Santiago Torres, the Jesuit headmaster of one of Washington, D.C.’s top high schools, knows two truths. First, historian Jasper Willoughs, his closest friend, didn’t toss himself off a dormitory roof. Second, a Georgetown University secret society—a running joke on campus—has blood on its hands.
Torres’s pursuit of the truth embroils him in a bizarre and deadly scavenger hunt. The clues, scratched out on parchment by the mysterious Odd Fellows Society, lead Santi to risk everything he holds sacred: his job, his life, even the woman he secretly loves.
As for his relationship with his God?
Well, that’s complicated.
A hold-your-breath thriller that explores America's national obsession with race, The Odd Fellows Society will have you looking at the U.S. capital—and its monuments’ secrets—in a whole different shade of black and white.
Note: While this novel's protagonist is a Jesuit, this book is not a religious book.
A 5-Star reviewed book on IndieReader.
Nonstop feelingn of suspense
Based on its title; The Odd Fellows Society didn’t sound like something I would enjoy, I almost passed on it. I really need to stop doing this, as I have been proved wrong twice. Barrett is a talented writer, and I love his style!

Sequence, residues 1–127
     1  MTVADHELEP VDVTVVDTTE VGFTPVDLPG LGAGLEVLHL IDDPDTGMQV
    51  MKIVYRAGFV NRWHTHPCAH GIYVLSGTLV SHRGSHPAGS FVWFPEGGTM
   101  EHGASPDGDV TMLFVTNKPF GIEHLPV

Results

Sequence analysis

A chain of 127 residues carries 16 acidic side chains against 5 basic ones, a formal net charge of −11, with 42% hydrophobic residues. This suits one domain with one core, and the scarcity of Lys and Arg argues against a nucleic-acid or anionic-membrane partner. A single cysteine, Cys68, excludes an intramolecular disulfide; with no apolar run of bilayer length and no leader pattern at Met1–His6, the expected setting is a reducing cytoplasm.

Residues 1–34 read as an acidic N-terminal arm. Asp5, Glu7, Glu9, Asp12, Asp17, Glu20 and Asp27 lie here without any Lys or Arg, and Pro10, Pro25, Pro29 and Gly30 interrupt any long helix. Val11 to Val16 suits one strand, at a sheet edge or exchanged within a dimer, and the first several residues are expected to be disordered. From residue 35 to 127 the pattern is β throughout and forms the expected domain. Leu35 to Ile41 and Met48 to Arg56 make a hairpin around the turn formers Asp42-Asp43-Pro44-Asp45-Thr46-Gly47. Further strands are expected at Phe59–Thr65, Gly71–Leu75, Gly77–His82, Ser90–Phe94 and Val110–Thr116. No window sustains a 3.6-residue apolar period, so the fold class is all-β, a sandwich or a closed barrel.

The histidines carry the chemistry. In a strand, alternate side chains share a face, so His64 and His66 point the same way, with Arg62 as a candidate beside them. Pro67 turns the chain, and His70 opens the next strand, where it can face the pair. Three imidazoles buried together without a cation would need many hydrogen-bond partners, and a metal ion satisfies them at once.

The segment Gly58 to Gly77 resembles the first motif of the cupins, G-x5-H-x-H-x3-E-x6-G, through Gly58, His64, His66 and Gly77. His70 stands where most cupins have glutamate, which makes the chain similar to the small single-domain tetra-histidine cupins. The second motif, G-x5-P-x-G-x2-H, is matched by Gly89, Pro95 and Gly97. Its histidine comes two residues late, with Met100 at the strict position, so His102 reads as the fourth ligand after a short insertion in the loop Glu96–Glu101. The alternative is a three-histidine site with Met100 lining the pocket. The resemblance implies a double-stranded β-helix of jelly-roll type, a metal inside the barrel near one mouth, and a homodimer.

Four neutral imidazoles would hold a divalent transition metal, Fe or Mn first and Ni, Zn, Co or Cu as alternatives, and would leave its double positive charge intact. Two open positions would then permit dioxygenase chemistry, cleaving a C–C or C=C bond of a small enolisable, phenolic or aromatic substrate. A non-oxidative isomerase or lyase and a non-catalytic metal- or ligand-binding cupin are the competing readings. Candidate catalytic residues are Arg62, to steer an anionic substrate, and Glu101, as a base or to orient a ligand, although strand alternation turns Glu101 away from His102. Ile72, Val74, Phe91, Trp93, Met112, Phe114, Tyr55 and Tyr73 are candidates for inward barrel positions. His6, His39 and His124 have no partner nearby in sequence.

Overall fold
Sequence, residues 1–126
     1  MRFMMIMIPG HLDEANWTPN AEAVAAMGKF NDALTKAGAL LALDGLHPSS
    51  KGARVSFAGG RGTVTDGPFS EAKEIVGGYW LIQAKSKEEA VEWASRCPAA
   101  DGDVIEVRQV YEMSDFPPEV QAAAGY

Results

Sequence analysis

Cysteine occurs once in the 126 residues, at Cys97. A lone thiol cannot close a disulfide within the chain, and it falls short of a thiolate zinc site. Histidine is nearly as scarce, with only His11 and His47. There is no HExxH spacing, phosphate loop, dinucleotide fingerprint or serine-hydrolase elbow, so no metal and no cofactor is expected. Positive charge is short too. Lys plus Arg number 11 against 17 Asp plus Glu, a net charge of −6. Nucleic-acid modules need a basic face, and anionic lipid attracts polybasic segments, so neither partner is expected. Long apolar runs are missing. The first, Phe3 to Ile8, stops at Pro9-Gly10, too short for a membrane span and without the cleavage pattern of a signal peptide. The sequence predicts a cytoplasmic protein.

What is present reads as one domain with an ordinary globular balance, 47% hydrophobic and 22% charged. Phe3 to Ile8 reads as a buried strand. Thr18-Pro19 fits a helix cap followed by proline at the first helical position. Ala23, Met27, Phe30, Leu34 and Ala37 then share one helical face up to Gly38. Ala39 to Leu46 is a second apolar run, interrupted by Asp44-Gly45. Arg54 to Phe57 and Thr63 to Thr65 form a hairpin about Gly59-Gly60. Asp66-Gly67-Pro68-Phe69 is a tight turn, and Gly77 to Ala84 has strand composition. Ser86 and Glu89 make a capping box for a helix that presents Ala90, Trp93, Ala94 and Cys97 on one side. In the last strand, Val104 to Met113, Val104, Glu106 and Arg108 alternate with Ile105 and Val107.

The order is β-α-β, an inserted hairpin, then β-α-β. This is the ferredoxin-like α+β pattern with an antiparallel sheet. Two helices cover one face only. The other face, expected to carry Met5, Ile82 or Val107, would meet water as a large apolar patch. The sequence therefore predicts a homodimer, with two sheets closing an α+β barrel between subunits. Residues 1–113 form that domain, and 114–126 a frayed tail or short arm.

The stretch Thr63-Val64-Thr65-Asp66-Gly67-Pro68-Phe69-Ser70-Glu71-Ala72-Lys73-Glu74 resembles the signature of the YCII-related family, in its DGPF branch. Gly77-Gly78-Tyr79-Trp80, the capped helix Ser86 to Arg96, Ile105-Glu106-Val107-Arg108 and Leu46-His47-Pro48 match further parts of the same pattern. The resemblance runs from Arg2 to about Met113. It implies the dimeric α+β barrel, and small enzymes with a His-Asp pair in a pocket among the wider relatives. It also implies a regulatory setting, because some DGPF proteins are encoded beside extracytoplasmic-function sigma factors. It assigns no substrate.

This is not your typical murder mystery; starting in 1953, readers are taken on a fantastic journey through history and amazing finds, before the mystery is solved in current day. This story reminded me of National Treasure, the movie starring Nicholas Cage; with the major difference being, The Odd Fellows Society takes place in the world of the Catholic deity. The main character, Father Torres, is brought through several “scavenger hunt type” riddles in the hopes of solving the murder of his best friend. Through this journey, we learn historic facts about the Catholic faith, Washington D.C. and A secret society of Georgetown University. Some of which are quite shocking.
In addition to the impeccable writing; The Odd Fellows Society gives readers action, suspense, romance, and comedy. Yes, comedy in a murder mystery.
“So this Puerto Rican priest was standing on a corner in Chinatown with a chicken on a leash…”
I found this to be a smooth and quick read. At over 400 pages, it may not be a quick read to everyone; however, I found it hard to put down. The characters were well developed and the shocking twists throughout the story created a nonstop feeling of the suspense. I highly recommend this book to all readers. I don’t usually care for mysteries, but was hooked from page one. I rate The Odd Fellows Society with 5 HUGE Boundless stars because I absolutely loved it!
This did not affect my review or rating in any way, but I have to add; this is the first book I’ve read without any spelling or grammatical errors. Kudo’s to your editor!...Beth